High prices, slowing global economy pose threat to PH manufacturing growth
MANILA, Philippines—Returning domestic demand sustained manufacturing growth in June, but high prices and a slowing world economy posed threats to the sector’s recovery, global intelligence firm S&P Global said on Friday (July 1).
While the Philippines’ manufacturing purchasing managers’ index remained above the 50-level, which mirrored growth, PMI further eased to 53.8 last month from May’s 54.1.
“Despite a loss in growth momentum for the second-month running, operating conditions have now improved for five successive months, with the headline PMI figure signaling solid overall growth in the manufacturing sector,” S&P Global Market Intelligence said in a report.
In particular, S&P Global Market Intelligence economist Maryam Baluch said “production levels rose, driven by a faster increase in new orders.”
“Domestic demand remained strong as the lifting of pandemic restrictions allowed customer activity to pick-up,” Baluch said.
However, S&P Global Market Intelligence flagged easing export production since March. “Foreign client demand contracted for the fourth-month running, and at a sharper pace,” Baluch said.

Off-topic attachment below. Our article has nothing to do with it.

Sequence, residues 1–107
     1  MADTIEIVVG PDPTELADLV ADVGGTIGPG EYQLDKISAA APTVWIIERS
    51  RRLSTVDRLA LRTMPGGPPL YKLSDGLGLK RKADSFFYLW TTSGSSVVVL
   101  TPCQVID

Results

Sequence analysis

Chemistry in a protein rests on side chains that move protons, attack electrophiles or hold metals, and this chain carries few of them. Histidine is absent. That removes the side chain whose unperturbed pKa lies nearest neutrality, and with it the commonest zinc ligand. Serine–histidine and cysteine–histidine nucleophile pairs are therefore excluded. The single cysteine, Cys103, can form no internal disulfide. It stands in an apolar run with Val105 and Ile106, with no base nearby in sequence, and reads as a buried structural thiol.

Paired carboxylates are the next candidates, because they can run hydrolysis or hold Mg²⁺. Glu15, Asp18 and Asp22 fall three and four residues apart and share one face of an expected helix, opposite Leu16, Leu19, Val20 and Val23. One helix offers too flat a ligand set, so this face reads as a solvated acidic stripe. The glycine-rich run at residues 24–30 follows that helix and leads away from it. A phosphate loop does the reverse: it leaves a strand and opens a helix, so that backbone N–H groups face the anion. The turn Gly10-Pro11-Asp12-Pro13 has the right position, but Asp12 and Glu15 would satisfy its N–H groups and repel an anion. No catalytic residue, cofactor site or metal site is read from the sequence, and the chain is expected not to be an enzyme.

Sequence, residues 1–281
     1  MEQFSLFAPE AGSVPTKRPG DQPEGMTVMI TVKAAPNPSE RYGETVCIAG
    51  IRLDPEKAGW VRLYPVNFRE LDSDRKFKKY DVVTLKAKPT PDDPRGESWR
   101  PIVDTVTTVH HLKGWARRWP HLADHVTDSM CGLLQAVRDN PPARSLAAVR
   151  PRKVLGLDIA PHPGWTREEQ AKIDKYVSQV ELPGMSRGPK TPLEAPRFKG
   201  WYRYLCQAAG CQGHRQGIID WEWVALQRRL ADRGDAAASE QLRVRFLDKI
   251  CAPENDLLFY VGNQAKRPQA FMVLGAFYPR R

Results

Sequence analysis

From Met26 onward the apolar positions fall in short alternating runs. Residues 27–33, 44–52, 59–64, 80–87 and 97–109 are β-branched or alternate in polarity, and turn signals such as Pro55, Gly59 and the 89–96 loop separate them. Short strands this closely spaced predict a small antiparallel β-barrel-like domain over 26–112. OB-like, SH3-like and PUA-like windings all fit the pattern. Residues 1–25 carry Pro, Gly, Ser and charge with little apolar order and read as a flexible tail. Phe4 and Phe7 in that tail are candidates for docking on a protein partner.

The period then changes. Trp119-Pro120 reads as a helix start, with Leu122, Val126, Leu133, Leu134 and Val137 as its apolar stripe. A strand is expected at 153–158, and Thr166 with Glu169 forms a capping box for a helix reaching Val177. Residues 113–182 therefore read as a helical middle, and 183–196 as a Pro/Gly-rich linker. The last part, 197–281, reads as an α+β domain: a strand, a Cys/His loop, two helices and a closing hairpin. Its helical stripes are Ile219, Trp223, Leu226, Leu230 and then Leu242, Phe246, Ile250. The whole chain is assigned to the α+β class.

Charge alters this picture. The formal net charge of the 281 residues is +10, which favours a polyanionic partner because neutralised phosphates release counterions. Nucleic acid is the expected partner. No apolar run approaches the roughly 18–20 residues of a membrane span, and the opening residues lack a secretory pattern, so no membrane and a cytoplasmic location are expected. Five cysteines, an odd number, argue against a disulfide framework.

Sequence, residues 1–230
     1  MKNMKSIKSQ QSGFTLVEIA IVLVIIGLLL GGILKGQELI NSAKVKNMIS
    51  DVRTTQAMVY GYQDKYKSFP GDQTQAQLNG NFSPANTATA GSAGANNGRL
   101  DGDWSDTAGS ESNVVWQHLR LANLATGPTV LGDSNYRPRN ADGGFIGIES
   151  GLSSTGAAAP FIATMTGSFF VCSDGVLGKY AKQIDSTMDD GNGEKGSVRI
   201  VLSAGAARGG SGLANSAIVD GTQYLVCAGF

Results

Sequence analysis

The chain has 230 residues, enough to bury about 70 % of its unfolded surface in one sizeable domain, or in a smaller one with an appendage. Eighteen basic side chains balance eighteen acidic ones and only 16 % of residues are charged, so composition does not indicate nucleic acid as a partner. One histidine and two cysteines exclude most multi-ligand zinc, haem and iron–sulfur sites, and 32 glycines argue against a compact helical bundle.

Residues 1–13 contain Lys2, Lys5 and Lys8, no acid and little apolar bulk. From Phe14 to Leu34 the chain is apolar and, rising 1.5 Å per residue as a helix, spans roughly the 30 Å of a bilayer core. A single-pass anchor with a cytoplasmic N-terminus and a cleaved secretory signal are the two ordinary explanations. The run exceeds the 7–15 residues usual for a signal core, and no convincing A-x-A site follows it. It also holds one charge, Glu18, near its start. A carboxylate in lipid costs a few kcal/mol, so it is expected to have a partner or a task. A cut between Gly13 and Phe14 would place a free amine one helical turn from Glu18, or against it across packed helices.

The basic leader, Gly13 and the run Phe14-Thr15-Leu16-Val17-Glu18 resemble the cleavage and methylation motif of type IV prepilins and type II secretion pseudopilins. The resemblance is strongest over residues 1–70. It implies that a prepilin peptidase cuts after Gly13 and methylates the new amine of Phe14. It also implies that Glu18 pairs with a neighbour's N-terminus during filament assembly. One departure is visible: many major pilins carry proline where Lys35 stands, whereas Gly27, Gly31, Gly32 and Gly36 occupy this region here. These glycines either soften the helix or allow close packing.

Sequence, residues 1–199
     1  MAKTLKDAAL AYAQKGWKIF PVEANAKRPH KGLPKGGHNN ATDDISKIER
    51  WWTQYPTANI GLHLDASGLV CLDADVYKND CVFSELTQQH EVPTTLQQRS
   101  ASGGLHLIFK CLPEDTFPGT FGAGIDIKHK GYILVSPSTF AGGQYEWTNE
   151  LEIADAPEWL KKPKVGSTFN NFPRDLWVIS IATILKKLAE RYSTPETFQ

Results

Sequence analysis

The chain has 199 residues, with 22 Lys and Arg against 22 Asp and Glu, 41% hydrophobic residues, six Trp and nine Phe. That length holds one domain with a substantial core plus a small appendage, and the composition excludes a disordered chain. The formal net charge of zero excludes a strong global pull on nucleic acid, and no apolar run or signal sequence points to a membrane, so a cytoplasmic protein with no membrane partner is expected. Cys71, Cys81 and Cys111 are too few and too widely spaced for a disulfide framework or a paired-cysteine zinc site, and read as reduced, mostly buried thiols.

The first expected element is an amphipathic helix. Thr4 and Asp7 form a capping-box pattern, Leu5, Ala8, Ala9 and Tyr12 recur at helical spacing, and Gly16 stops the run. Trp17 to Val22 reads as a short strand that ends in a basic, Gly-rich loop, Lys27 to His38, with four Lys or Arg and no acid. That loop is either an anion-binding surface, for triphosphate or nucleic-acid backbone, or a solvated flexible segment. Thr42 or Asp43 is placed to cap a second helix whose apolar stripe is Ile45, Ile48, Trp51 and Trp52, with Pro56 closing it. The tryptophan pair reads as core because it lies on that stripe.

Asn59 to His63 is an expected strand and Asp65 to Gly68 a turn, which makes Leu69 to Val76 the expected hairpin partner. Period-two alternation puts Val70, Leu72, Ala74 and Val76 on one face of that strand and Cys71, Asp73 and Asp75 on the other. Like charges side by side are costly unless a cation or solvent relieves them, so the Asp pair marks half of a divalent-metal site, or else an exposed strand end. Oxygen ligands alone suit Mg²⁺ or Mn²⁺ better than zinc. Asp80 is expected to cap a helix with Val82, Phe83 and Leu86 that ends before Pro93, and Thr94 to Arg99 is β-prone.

“Weak international client demand and supply issues reportedly led to diminished volumes of new work from abroad,” S&P Global Market Intelligence said.
While firms enjoyed the fruits of robust manufacturing growth at the start of this year, “businesses were more hesitant in their output expectations for the year ahead as downside risks to growth remain,” Baluch said.
“The degree of confidence hit a 26-month low as firms highlighted concerns surrounding supply-side challenges, persistent inflation, energy price increases and peripheral global uncertainties that continue to spillover and restrain the Filipino manufacturing sector,” Baluch added.
According to S&P Global Market Intelligence, “average cost burdens rose further as companies continued to register higher energy and raw material prices.”
The Philippine Statistics Authority’s (PSA) producer price index (PPI) for manufacturing released last Thursday showed that production input inflation climbed to a new high of 6.9 percent year-on-year in May. Month-on-month, manufacturing costs last May were also 0.4-percent higher than April levels.
“The upturn in the PPI in May can be attributed to the annual increases in the indices of 21 industry divisions led by manufacture of coke and refined petroleum products, which registered an annual growth of 20.7 percent,” the PSA said.
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